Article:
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Custom content for the Mar. 02, 2012, issue of 'AOPA ePilot' newsletterCustom content for the Mar. 02, 2012, issue of 'AOPA ePilot' newsletter

The following stories from the Mar. 02, 2012, edition of AOPA ePilot were provided to AOPA members who expressed an interest in the particular subject areas. Any AOPA member can receive information tailored to their areas of interest by updating their preferences online.

training tips

Mushing, then rushing

Training TipThe Feb. 24 Training Tip discussed how a stall doesn't have to occur with suddenness or dramatic aerodynamic warnings to rob the pilot of control. If the stall is preceded by a gradual, mushing entry, the exact instant when the aircraft exceeds its critical angle of attack may go unrecognized.

Recovery from such a stealthy stall can be made more complicated, as occasional accident reports show, if the pilot rushes through the steps or doesn't clearly understand what must be done, and why.

The particulars vary by aircraft, but in a typical trainer's stall recovery, the first step is to lower the angle of attack (AOA) to regain smooth flow of air over control surfaces, bringing back control responsiveness. Next, “maximum allowable” power is added, and wings are leveled. In training or on a practical test, completion of the maneuver involves resuming straight-and-level flight “with a minimum loss of altitude appropriate for the airplane.”

When practiced stall recoveries don’t quite measure up, a common cause is failing to give step one—lowering the AOA—enough respect and giving step two—adding power—too much. The result can be a prolonged recovery with excessive altitude loss, or a surprise secondary stall. Reasons for the faulty technique can include anxiety about getting through the maneuver, or an incorrect idea about the role each step plays in the recovery.

Remember: It is lowering the AOA, not adding power, that breaks the stall.

A way to dispel any misunderstanding about that is to practice recoveries from stalls without using power. Starting at a generously safe entry altitude, perform a clearing turn and a normal stall entry. After lowering the AOA to initiate the recovery, continue to accelerate in the glide until reaching an airspeed at which control is fully regained. Note the pitch attitude, how much time it takes to regain control effectiveness, and altitude lost. Then add power and resume normal cruise flight.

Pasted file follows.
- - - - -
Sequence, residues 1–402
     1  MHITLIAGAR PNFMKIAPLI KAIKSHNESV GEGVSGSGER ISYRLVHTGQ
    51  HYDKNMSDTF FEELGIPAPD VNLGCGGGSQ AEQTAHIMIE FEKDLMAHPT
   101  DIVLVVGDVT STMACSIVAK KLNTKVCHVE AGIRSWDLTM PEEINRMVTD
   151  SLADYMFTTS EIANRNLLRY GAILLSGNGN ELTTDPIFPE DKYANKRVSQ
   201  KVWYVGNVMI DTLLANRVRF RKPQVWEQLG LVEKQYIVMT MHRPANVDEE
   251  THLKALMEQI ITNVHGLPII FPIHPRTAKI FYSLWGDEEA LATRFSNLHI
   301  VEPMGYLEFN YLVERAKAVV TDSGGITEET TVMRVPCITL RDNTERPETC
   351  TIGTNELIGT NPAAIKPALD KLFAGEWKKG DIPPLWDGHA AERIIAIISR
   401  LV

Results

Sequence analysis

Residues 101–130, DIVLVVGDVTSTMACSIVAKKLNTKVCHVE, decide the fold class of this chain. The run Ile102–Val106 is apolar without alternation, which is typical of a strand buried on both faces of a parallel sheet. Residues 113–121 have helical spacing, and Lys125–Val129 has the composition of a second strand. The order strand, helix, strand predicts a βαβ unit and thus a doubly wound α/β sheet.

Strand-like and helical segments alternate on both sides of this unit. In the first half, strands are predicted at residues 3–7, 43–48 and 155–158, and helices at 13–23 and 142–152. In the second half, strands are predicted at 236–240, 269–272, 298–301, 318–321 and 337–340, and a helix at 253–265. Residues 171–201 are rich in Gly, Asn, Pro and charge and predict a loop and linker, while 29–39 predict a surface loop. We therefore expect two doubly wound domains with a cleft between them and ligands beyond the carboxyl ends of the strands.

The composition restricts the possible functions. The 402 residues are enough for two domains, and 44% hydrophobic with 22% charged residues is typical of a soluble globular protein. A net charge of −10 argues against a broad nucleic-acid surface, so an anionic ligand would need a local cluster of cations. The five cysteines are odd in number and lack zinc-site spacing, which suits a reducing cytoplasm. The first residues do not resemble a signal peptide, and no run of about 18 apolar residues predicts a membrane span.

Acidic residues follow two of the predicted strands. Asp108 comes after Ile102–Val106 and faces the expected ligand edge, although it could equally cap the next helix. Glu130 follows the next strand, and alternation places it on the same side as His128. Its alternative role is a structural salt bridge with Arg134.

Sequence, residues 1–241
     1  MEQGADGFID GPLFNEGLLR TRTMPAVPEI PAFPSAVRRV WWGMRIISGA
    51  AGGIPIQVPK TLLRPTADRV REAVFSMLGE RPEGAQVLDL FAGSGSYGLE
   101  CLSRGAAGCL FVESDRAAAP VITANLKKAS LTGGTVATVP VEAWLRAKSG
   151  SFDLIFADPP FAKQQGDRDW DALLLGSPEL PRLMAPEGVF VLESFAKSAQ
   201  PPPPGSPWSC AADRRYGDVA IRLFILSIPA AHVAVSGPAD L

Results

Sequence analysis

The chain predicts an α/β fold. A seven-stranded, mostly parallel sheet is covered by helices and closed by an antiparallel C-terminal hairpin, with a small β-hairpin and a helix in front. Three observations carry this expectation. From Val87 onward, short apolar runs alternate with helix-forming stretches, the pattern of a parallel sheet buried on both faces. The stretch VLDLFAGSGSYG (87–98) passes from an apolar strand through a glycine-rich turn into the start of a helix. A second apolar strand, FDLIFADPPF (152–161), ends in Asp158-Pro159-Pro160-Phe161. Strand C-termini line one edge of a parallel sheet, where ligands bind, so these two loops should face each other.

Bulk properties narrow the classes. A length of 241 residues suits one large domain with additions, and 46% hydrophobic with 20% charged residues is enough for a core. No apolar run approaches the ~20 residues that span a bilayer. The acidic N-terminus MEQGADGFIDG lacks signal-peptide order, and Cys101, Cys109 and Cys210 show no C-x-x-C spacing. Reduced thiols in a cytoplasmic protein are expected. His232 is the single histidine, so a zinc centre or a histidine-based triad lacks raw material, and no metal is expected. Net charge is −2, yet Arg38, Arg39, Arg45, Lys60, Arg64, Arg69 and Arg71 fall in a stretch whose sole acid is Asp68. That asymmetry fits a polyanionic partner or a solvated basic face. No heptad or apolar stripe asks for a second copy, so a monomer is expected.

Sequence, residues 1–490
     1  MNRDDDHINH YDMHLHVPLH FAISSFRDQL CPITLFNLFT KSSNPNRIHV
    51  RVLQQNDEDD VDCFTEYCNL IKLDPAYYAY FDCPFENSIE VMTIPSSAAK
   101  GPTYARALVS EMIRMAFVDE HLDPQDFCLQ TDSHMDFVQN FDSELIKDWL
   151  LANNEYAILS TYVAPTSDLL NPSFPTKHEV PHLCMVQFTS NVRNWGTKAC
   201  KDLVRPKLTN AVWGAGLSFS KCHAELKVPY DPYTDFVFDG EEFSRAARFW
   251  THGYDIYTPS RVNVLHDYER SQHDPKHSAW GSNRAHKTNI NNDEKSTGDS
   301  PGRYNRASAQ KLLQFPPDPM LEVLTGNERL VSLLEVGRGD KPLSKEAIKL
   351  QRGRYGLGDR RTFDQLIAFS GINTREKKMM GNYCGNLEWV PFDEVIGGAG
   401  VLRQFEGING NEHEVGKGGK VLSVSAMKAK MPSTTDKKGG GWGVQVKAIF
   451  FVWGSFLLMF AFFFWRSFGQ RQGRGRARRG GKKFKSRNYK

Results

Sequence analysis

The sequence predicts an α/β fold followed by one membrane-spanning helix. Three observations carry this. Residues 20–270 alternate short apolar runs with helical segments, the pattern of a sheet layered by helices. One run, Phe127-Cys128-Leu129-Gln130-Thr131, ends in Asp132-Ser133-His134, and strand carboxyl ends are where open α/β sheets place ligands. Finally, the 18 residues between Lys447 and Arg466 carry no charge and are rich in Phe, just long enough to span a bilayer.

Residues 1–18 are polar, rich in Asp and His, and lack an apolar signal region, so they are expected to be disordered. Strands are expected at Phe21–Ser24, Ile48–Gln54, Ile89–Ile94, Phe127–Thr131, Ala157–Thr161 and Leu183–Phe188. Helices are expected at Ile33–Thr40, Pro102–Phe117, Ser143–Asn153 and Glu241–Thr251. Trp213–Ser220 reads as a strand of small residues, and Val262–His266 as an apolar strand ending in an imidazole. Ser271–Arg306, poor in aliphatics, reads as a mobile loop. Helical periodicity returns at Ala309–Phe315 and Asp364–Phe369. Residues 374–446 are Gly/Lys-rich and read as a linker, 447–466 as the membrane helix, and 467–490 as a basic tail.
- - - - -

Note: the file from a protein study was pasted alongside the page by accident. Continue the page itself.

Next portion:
Not only will your next conventional stall recovery using power be smoother—and be more instinctive—after some power-off recovery practice, but you also will have acquired a better appreciation of how much altitude loss is avoided when using power as recommended, and perhaps decide that a maneuver you once found stressful is actually fun and a confidence builder. For more insights into angle of attack, see this Webinar from the Air Safety Institute.

training products

Practical Test Standards eBooks from ASA

Want to keep those all-important practical test standards within reach? ASA offers the pertinent PTS for many certificates and ratings in eBook format. For example, you can purchase the Sport Pilot, Private Pilot Airplane (Single-Engine Land), Instrument (Airline, Helicopter, and Powered Lift), or Commercial Pilot (Single or Multiengine Land) PTS. Each is $4.95. For more information, see the website or call 800/272-2359 (800/ASA2FLY).


Note: Products listed have not been evaluated by ePilot editors unless otherwise noted. AOPA assumes no responsibility for products or services listed or for claims or actions by manufacturers or vendors. 

final exam

Question: When navigating to a VOR/DME station, how do I know if both the VOR and DME systems are working properly?


Answer: When a DME (distance measuring equipment) is co-located with a VOR (VHF omnidirectional radio range navaid), the specific DME frequency is paired with the VOR frequency so you only have to dial in one frequency, reducing the risk of errors. Both the VOR and DME have the same Morse code for identification, but they are broadcast at different intervals and with different tones. A VOR is working properly if you hear the Morse code every 10 seconds modulated at 1020 Hz. The DME code can be heard every 30 seconds and modulated at 1350 Hz. If you notice a gap in the broadcast and only hear a single code every 30 seconds, the DME is working properly, but the VOR is not. Be sure to check all notices to airmen (notams) with flight service before any flight so you are aware of any navigational aids that may be out of service. For additional information on utilizing your airplane’s navigation equipment, visit AOPA Online.

CORRECTION: The Feb. 24 Final Exam on military training routes incorrectly referred to obtaining Department of Defense Flight Information Publication (FLIP) charts. They are no longer available to the public. AOPA regrets the error.


Got a question for our technical services staff? E-mail [email protected] or call the Pilot Information Center, 800/872-2672. Don’t forget the online archive of “Final Exam” questions and answers, searchable by keyword or topic.

Topics: AOPA, Pilot Training and Certification, Navigation

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